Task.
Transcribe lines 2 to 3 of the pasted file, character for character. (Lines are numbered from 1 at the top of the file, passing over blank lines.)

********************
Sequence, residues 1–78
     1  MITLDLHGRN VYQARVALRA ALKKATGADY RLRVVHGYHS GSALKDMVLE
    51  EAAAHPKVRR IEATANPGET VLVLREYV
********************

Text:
     1  MITLDLHGRN VYQARVALRA ALKKATGADY RLRVVHGYHS GSALKDMVLE
    51  EAAAHPKVRR IEATANPGET VLVLREYV